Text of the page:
Burrage to the rescue
Day one of the Championships and we already have a strong contender for the inaugural Big Heart of Wimbledon award: Britain’s Jodie Burrage. The 23-year-old lost her first-round match with Lesia Tsurenko but more memorably went to the aid of a stricken ballboy after he suffered what appeared to be a fainting fit during the first set. Burrage, who says she has had similar experiences herself, first fed the lad some of her own energy gel, then requested sweets from the crowd. A bag of popular gummy chews were provided (without advertising brands other than the Diary’s official sponsors*, let’s just say they rhymed with Dercy Dig) and Burrage sat with the boy as he recuperated. The All England Club later confirmed: “He’s fine.”
Rain’s early break
Day one and the records are falling too. Monday’s first rain delay was timed at 10.45am, just three-quarters of an hour into the competition and the earliest in the history of the tournament. Well, strictly speaking, that cannot be confirmed as nobody keeps records on rain breaks and Wimbledon will say only that the first Monday has been washed out altogether on five occasions. But in the absence of information to the contrary, we’ll take it as a win and just more evidence of Britain competing effectively on the world stage.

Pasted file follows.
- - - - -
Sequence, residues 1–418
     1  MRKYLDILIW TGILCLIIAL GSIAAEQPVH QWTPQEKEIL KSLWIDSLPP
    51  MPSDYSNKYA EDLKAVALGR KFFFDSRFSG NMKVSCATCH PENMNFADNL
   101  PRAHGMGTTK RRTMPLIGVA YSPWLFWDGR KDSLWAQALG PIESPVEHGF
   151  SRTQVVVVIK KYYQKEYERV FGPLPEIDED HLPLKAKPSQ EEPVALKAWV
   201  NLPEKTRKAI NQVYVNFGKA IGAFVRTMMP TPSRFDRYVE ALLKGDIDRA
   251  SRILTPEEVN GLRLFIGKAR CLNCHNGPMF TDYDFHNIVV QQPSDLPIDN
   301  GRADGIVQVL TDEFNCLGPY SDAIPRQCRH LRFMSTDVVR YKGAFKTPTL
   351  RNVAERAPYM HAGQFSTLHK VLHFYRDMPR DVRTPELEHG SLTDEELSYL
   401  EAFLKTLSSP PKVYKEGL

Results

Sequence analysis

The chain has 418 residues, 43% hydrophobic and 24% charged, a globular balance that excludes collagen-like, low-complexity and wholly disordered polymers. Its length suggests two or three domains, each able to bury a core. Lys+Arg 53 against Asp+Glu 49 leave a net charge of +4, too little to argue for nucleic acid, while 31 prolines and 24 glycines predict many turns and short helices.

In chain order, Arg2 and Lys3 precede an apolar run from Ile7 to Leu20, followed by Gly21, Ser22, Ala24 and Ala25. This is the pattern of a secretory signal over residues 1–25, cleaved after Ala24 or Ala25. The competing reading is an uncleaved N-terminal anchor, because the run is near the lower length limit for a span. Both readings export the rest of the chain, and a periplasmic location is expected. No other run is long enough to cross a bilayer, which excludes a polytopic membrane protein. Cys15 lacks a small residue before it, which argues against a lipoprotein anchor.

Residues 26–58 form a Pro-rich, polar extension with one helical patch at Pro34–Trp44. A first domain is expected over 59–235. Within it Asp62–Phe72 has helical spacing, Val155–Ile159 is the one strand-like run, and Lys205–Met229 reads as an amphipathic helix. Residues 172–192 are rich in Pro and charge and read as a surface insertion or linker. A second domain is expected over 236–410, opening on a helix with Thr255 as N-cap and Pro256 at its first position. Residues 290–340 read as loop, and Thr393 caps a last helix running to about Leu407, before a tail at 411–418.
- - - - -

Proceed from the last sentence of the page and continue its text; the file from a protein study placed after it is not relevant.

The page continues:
Djokovic exhausts Kwon
Another record! Novak Djokovic became the first male player to win 80 matches across all four grand slams with his four-set victory over South Korea’s Kwon Soon-woo. The Serb may be favourite to retain his singles title a week on Sunday, but has he ever dressed up as a little red car with cloud of exhaust fumes for a mouth? The answer to that is no (at least, it’s not on his Wikipedia). Kwon can make that claim however, after he appeared on South Korean TV’s King of the Masked Singer last year. Losing out in a duet duel with a long-distance truck, Kwon “the beginner driver” gave a brief moving performance then went home. A bit like his showing on Centre Court, then, bar the truck bit.
Queuing crosses borders
Welcome back The Queue! Not just a longstanding tradition which requires capital letters, this patient wait for Wimbledon tickets is also a peculiarly British thing to do. Or is it? There are enough overseas visitors to suggest that the appeal of standing in line for hours with no guarantee of satisfaction is something that crosses borders. The Neville family had arrived from Dublin having already familiarised themselves with lengthy queuing after enduring a trial known as “going through passport control”. Alfonso Rodriguez, from Broward County in Florida, also insisted “waiting in line” was a popular pastime for Americans. “Oh yeah, we queue all the time,” he said. “At Disney you queue two hours to get on a ride.”. At this point the laughter of recognition broke out elsewhere in The Queue and Rodriguez made an important clarification: “It’s two hours waiting, for five minutes of joy.”
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